Parcels: Can We Do Next Day Air to Australia?

by Shaun Parker

The small basement club had set up an impromptu VIP area, complete with champagne and red velvet rope. Patrick Hetherington couldn’t even begin to guess who it was for. His band, Parcels, was lined up to play. It was their first show in France, ever. It was one of their first shows period.

“We were like, ‘What is this? Who is this for?’” Hetherington says. He’s in his Berlin flat, fresh off a small French tour. “And we heard word that maybe the Daft Punk guys were coming.”

Parcels, made up of Patrick Hetherington, Louie Swain, Noah Hill, Jules Crommelin, and Anatole Serret, formed in Australia, but quickly relocated to Berlin. Things started moving quickly for the outfit. “We were pretty amazed from the start about the response to like these little songs we were producing for the first time,” Hetherington says. “I kind of emailed them out to a lot of blogs and did our own little press release and we got a really cool response at first, so it was a great start.”

From Australia to Berlin, and now in a Parisian basement, Parcels found themselves face-to-face with Daft Punk. Straight up gatekeepers.

“We didn’t really believe it,” Hetherington says. It was too much to take in. They just focused on playing the show.

Daft Punk signed them immediately, and in mid-2017 Parcels released their single “Overnight”, produced by the electro superstars.

“It was crazy,” Hetherington says. “We were learning so much every day, and pinching ourselves at this experience, and just the way that they talk about music was a lifetime of education in a week.” As of now, “Overnight” has more than 24 million plays on Spotify.

“Overnight” sounds like it could come straight off of Random Access Memories, Daft Punk’s last record, a summer-pop, disco-guitar dreamscape filled to the brim with high-profile features. The guitar tone is specifically reminiscent of “Lose Yourself To Dance”, and that sound seems to have followed Parcels to their debut album.

In April of 2018, Parcels dropped “Tieduprightnow”, the first single from their upcoming self-titled album. It’s an instant summer jam—highly crafted but casual, catchy but relaxed. Where Overnight feels like it was produced by, well, robots, “Tieduprightnow” sounds like it was produced by people. The bass sounds like a person is playing it. The groove is a little more round. You can picture the five of them playing it in the studio, nodding to each other, smiling to themselves. It’s a good time.

“We’re trying to make pop music,” Hetherington reminds me. “We love the idea of pop music as something that makes people feel something, in the broad definition. But, we’re not doing it in an overly commercial or highly funded or over-exaggerated way.”

Here, Parcels finds themselves in a new and frankly very Los Angeles state of mind as they hone their pop image. Parcels’ entire brand is air tight, from guitar tones to graphic design to the lore of working with Daft Punk. Their sound is ‘70s disco funk, but their look is ‘60s Beach Boys—the music video for “Tieduprightnow”, for example, shows them driving around an Australian beach in a retro teal convertible. So much of the pop aesthetic is about these highly refined brand images, and we are living in a time where small bands can cultivate these packages by themselves, cheaply and effectively. Parcels does this easily, and it has nothing to do with Daft Punk. Their own website says it: “Parcels started for us as a new experimentation in image and sound…” Eventually, after moving to Berlin and finding a musical voice, they had “something to play with for the imagery surrounding it.” For Parcels, the music and the image are inextricably linked. They may have gotten a big assist from Daft Punk, but their debut album is self-produced. It’s within their own image. And it works.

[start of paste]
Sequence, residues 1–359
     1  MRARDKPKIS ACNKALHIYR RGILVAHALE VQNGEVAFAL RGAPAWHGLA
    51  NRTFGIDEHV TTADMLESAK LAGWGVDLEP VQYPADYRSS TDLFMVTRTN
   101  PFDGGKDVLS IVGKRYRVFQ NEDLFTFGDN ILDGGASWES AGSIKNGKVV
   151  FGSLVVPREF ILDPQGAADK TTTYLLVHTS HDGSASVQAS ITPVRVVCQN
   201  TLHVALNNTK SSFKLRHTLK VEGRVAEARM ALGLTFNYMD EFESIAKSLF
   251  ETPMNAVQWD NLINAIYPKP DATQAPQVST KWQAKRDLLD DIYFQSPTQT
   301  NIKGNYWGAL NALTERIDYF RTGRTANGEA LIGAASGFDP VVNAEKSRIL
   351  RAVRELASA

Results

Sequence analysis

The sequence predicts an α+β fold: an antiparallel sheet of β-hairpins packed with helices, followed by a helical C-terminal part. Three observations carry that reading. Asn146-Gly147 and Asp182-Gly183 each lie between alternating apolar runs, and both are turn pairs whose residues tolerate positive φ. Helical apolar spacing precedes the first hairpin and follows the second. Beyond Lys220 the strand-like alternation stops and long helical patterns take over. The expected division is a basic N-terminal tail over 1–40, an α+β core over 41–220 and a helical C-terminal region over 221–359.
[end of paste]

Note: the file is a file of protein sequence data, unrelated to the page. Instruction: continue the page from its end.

“It’s the first time we’re really happy with the result of our own production,” Hetherington says. “It’s something we’ve never achieved before and we’re really proud of this.”

Parcels followed “Tieduprightnow” with another single, “Bemyself”. Next came “Lightenup”, another plucky ‘70s summer jam. Together, the three singles crossed 10 million listens on Spotify. This all came in anticipation of their just-released self-titled debut album, which they are touring through this year and into 2019.

They’ve already sold out a few cities, including Los Angeles. “When we’ve played in LA,” he tells me, “the crowd was so receptive and really tuned-in to the subtitles of the funk. You can really feel the crowd like getting every little change that we make and stuff, in LA. So I’m excited to play there again.”

And why wouldn’t LA understand Parcels? They’re underground pop. They’re an entire aesthetic unto themselves. It’s trying something new in an old form, which is a vibe LA exists on. They’re also the real thing. The brand isn’t a blatant lie or grab, it’s a synthesis of who these guys are. They’re genuine.

Of the new album, Hetherington tells me, “It feels like it sums up the entire history of the band. We’ve been through all these different musical pasts individually and this brings together so many of those sounds that we’ve experimented with. It feels like our story.” Now when they take the stage, they can do so with confidence. Soon, it seems, they might be the ones playing gatekeeper.

Photographer: Max Montgomery.

Stylist: Soaree Cohen.

Groomer: Michelle Harvey using Baxter of California and Kiehl’s at Opus Beauty

Flaunt Film directed by Nicole Busch

words and music by Anatole SERRET, Jules Hendrix CROMMELIN, Louie Edward SWAIN, Noah Francis HILL and Patrick Scott HETHERINGTON
© Editions Kitsuné / Warner Chappell Music France.